“The gentleman Abstract Expressionist” on view at the Dorsky

 “Bradley Walker Tomlin: A Retrospective” at the Dorsky Museum includes more than 40 paintings, works on paper and printed materials, charting Tomlin’s development from Art Nouveau illustrations of the 1920s to large-scale Abstract Expressionist paintings of the 1950s. The exhibition explores his formative years in Syracuse, early patronage by Condé Nast and the important role played by the Woodstock art colony. Pictured left is Tomlin's untitled cover for House and Garden, 1926, watercolor on paper, collection of Arthur A. Anderson, photo by Bob Wagner. Tomlin's As They Walked Along Together, 1921, ink on paper, is featured on right. It is on loan from the Everson Museum of Art, a gift of Isabelle McConnell.

“Bradley Walker Tomlin: A Retrospective” at the Dorsky Museum includes more than 40 paintings, works on paper and printed materials, charting Tomlin’s development from Art Nouveau illustrations of the 1920s to large-scale Abstract Expressionist paintings of the 1950s. The exhibition explores his formative years in Syracuse, early patronage by Condé Nast and the important role played by the Woodstock art colony. Pictured left is Tomlin’s untitled cover for House and Garden, 1926, watercolor on paper, collection of Arthur A. Anderson, photo by Bob Wagner. Tomlin’s As They Walked Along Together, 1921, ink on paper, is featured on right. It is on loan from the Everson Museum of Art, a gift of Isabelle McConnell.

With a new semester getting underway at SUNY-New Paltz, it’s time for the Samuel Dorsky Museum of Art to open the doors to its new fall exhibitions. All four go on public view on Wednesday, August 31, and will remain open through December 11. An opening reception is scheduled for Saturday, September 10 from 5 to 7 p.m.

Most famed among the artists being spotlighted is American painter Bradley Walker Tomlin (1899-1953), a retrospective of whose works has been curated by Daniel Belasco and will be displayed in the Morgan Anderson Gallery. “The gentleman Abstract Expressionist,” in the words of poet John Ashbery, Tomlin was known for his elegance in both painting style and personal comportment. “Bradley Walker Tomlin: A Retrospective” includes more than 40 paintings, works on paper and printed materials, charting Tomlin’s development from Art Nouveau illustrations of the 1920s to large-scale Abstract Expressionist paintings of the 1950s. The exhibition explores his formative years in Syracuse, early patronage by Condé Nast and the important role played by the Woodstock art colony. Tomlin is best-known as a key figure in the New York School and had close friendships with Adolph Gottlieb, Philip Guston and Robert Motherwell.

Advertisement

The Sara Bedrick Gallery will house “In/Animate: Recent Work by Myra Mimlitsch-Gray,” curated by Akiko Busch, surveying the past decade of work by the internationally renowned metalsmith and head of the Metal Program at SUNY-New Paltz, which is widely regarded as the pinnacle of its field in US academia. The exhibition explores a variety of artistic processes using iron, copper, brass, silver and enameled steel. Mimlitsch-Gray’s domestic artifacts suggest a coalescence of body and thing, conveying the mutability of the animate and inanimate and reflecting the intimacy between people and the objects that they use. More than 40 meticulously crafted works contribute to the contemporary conversation about how household objects express ideas about presentation, utility and class.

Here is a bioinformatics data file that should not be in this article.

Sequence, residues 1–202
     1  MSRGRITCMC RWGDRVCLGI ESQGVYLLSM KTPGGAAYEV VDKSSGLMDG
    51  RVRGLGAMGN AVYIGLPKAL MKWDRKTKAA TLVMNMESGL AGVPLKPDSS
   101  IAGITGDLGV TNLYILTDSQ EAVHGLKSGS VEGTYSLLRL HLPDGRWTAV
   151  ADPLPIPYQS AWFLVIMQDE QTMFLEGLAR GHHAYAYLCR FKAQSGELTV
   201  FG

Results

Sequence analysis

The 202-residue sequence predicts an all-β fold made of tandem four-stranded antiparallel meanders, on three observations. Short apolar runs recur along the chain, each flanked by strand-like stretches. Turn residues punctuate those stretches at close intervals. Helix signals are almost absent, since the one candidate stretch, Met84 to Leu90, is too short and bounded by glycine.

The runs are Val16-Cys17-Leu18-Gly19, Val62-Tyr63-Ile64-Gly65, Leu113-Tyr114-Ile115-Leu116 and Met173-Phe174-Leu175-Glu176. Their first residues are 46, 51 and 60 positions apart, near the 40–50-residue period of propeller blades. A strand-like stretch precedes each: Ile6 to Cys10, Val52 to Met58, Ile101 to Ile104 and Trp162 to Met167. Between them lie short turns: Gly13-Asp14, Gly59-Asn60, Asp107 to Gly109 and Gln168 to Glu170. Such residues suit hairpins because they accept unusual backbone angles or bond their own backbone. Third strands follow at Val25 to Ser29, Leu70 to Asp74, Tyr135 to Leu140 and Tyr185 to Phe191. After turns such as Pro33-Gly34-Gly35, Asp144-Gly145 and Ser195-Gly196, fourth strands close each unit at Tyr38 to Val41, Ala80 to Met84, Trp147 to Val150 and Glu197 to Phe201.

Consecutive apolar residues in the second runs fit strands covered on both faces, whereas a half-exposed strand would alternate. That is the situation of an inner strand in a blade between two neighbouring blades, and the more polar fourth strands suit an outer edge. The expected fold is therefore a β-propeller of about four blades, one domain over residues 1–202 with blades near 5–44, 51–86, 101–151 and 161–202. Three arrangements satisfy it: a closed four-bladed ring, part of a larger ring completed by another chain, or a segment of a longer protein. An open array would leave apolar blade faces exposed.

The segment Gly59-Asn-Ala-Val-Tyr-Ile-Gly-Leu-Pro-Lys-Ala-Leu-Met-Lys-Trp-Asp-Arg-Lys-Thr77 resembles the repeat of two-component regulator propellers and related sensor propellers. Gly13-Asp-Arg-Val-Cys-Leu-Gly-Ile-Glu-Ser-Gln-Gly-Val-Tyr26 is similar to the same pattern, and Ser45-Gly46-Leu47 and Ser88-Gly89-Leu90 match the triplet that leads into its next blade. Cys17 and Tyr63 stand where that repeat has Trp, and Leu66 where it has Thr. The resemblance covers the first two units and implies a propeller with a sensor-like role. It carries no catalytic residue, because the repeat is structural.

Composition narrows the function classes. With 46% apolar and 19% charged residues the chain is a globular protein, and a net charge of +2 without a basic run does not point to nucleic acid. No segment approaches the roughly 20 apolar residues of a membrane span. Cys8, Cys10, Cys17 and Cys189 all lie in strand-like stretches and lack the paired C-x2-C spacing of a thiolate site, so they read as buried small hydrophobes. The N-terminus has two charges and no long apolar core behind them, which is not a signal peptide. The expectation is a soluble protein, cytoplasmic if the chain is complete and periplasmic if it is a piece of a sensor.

The legacy of another SUNY-New Paltz faculty member will be examined in the Seminar Room with “All Excess Stripped Away: Donations to the Dorsky Museum by Hugo Munsterberg,” curated by Elizabeth Brotherton. The widely differing cultures and periods that are represented in this group of artworks illustrate the broad approach of the art historian, writer, collector and educator, who began teaching at the college in 1958 and died in 1995. Professor Munsterberg added significantly to SUNY-New Paltz’s holdings of both Asian art and works by 20th-century Hudson Valley artists.

The Howard Greenberg Family Gallery will bring us Part II of last year’s successful exhibition, “On the Street and in the Studio: Photographs Donated by Howard Greenberg,” curated by Daniel Belasco. Drawn from among 1,145 photographs by 101 artists collected by art dealer/Center for Photography at Woodstock co-founder Greenberg and donated to the Dorsky, Part II focuses on portraiture and the personal relationship between photographer and subject. Many of these prints have never before been exhibited.

In the Corridor Gallery will hang a rotating display titled “The Dorsky Collects: Selections from the Permanent Collection,” curated by Wayne Lempka. From ancient Egyptian artifacts to American folk painting to 20th-century color photographs, selections in this ongoing exhibition will periodically change in order to provide the visitor with a better understanding of the breadth and depth of the Museum’s holdings.

The Dorsky Museum is open to the public from 11 a.m. to 5 p.m. Wednesday through Sunday, and closed on Mondays, Tuesdays, during school holidays and intersessions. Admission is by voluntary donation. For more information, call (845) 257-3844 or visit www.newpaltz.edu/museum.

 

Post Your Thoughts